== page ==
This sort of thing makes me INSANE. The problem is not poverty. The problem is that the vast majority of poor parents are themselves poorly educated. Those of use who are poor but well-educated do exactly the same thing as well-off well-educated parents do: We do the #%@%!% schools’ jobs for them.

    Every. single. parent I know, in my nice professional circles where everyone else makes 5-20x what I do, is cramming the kids full of math, science, history, you name it AT HOME. Just as I do mine. Then the teachers, who may or may not be dumb as rocks, say oh how wonderful, we’re doing such a marvelous job, and there’s magic fairy educational dust attached to rich kids’ schools. And then — but how could this be? — when the neighborhoods begin to change, and the well-educated parents get their kids out (either by moving or by waging Hun-style campaigns to get the kids into magnet schools), the teachers are suddenly failing. Ma-gic.

    Here is the problem: Our schools suck. And that is in large measure because our teaching models and ed colleges suck, and at this point the inmates run the asylum. If you suggest that teachers should be very bright people who know a great deal about the things they’re teaching, you’ll be reviled and thrown out of the staff breakroom. The idea in American K12 ed is that teachers are a sort of combination cop and lunch lady, unwrapping pre-cooked “ed content” and serving it to the children, making sure no food fights break out. No knowledge of what the hell’s in the books, or whether it’s any good, is necessary.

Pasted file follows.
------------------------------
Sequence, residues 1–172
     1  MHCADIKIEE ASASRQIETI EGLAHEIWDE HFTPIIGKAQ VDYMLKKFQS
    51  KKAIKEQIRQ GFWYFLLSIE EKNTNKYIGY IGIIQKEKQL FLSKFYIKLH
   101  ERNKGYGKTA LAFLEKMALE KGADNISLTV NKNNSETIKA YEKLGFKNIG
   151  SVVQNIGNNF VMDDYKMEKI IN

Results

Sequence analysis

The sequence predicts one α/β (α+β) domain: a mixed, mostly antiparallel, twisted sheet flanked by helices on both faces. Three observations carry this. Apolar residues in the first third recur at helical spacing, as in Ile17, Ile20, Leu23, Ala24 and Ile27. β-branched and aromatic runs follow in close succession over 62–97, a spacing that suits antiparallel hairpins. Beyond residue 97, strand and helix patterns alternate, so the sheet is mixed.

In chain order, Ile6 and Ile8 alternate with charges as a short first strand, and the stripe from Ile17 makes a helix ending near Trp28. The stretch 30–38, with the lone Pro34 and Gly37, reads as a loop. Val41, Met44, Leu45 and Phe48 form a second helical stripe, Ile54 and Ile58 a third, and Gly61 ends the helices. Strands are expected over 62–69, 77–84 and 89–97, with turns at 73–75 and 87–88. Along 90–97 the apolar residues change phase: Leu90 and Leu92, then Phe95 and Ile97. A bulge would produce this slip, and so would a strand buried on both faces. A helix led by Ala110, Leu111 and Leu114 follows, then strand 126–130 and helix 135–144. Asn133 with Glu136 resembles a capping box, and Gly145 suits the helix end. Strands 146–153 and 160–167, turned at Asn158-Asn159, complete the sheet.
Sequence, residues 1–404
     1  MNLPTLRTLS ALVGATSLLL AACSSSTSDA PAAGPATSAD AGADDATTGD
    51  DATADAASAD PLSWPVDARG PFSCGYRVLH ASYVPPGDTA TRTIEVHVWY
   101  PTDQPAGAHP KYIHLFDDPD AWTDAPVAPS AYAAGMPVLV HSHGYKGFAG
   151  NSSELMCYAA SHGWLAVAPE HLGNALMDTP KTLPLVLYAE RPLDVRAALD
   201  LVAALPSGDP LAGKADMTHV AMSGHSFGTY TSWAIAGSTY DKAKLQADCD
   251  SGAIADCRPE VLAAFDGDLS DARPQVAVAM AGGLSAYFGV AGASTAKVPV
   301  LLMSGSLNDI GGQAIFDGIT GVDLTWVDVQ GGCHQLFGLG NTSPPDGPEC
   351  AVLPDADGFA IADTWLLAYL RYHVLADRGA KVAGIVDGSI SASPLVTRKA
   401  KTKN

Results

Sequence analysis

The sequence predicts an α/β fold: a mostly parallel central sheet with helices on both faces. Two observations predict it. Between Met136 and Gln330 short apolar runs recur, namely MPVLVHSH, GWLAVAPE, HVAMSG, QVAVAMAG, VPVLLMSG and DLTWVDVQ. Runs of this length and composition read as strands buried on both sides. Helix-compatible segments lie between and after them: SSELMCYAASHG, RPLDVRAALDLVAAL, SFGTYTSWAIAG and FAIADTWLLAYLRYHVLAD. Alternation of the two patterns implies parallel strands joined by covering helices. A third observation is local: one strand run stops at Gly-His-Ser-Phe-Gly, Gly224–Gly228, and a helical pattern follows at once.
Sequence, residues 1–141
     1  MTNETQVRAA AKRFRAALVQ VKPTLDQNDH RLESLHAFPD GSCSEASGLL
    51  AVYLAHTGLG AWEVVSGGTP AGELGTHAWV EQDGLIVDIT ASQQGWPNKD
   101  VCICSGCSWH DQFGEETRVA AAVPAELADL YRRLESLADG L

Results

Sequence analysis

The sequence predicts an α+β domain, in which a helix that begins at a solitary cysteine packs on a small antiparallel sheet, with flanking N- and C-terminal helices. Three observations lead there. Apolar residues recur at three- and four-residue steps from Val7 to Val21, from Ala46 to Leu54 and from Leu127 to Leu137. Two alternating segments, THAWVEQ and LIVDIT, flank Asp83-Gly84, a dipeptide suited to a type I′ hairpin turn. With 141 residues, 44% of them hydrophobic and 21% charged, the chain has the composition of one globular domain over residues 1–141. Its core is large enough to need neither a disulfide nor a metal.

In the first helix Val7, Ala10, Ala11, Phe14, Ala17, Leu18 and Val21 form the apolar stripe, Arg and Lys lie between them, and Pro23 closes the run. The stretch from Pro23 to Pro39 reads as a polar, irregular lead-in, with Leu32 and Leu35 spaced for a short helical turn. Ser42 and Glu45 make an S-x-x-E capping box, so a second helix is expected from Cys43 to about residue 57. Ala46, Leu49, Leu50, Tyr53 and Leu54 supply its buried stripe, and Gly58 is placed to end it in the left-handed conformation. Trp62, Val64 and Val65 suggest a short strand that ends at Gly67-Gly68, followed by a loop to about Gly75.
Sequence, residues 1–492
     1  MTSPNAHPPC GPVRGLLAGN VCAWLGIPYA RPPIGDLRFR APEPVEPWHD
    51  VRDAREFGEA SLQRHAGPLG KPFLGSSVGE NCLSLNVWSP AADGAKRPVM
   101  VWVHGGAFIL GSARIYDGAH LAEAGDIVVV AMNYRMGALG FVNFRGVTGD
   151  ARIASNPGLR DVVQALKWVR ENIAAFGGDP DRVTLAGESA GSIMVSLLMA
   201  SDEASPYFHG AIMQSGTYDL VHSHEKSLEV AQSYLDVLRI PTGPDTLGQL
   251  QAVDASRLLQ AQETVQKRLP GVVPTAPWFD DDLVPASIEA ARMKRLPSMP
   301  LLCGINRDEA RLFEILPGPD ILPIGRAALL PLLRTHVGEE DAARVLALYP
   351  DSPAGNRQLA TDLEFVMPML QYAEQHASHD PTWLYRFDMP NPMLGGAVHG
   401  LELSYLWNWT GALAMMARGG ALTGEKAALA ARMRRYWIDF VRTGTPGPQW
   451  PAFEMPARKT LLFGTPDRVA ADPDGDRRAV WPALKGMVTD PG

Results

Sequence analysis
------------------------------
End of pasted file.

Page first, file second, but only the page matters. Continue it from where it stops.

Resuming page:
• Min says:

      amy: “Those of use who are poor but well-educated do exactly the same thing as well-off well-educated parents do: We do the #%@%!% schools’ jobs for them. . . .
      ” If you suggest that teachers should be very bright people who know a great deal about the things they’re teaching, you’ll be reviled and thrown out of the staff breakroom.”

      Not just out of the staff lounge, but out of the board rooms and halls of gov’t. If teachers were very bright people who knew a great deal about what they are teaching, we would pay them much more money than we are willing to.

      Primary and secondary school teachers are people people. They are not necessarily math people or science people or history people or geography people. As far as the subject matter goes, they usually end up teaching to the text or, these days, teaching to the test.

      But being people people is not all that bad for the students. Newton was a terrible teacher. On NPR the other night I caught a snippet of a program in which the guest was telling about research on people who get GEDs, which supposedly cover enough of the intellectual content of high school. They do better than other high school dropouts, but not as well as regular high school graduates. The main point that the guest made was that school teaches other skills that help us to get through life than just cognitive skills. And, I may add. the people people, their teachers, help them to develop those skills.

    • Amy,

      You should check out the NAEP database. There is a strong poverty effect that’s independent of parental education or English-as-second-language.